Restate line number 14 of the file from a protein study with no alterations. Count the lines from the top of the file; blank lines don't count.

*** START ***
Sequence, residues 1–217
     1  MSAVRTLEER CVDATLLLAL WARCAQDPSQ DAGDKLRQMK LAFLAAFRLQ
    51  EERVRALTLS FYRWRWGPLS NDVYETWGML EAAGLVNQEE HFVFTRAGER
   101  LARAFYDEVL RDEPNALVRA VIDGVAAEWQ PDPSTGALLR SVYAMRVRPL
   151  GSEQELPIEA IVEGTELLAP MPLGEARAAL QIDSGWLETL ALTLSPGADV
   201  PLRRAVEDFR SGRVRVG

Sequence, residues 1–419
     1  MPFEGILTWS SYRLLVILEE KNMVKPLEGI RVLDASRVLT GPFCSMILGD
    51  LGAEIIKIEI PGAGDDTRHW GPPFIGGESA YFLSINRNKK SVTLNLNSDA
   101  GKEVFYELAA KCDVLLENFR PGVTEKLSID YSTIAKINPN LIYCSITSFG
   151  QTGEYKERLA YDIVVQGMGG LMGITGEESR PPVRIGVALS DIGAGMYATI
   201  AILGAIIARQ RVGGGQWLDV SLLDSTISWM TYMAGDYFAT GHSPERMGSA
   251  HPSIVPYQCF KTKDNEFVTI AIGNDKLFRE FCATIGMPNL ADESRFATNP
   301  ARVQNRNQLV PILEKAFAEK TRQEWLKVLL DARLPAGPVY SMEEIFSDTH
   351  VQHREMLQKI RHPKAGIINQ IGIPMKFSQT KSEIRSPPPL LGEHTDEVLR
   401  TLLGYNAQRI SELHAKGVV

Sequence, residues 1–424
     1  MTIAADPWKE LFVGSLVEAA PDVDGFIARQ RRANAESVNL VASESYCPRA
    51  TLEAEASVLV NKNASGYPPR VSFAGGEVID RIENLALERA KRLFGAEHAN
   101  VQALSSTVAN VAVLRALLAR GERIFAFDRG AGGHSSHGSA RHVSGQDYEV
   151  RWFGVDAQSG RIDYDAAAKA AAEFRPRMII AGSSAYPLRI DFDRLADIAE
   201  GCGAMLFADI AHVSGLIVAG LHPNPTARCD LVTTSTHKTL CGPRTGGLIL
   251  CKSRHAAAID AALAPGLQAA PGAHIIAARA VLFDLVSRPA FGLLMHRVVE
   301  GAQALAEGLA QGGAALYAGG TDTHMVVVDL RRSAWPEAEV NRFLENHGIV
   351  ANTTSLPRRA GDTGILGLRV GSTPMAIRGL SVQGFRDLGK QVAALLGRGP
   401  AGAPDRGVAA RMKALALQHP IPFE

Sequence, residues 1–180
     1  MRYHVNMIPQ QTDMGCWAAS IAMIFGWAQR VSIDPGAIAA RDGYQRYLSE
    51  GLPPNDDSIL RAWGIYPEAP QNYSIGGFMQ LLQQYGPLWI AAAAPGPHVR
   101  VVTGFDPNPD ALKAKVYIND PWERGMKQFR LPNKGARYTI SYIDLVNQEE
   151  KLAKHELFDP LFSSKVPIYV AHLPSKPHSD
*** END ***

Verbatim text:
   301  ARVQNRNQLV PILEKAFAEK TRQEWLKVLL DARLPAGPVY SMEEIFSDTH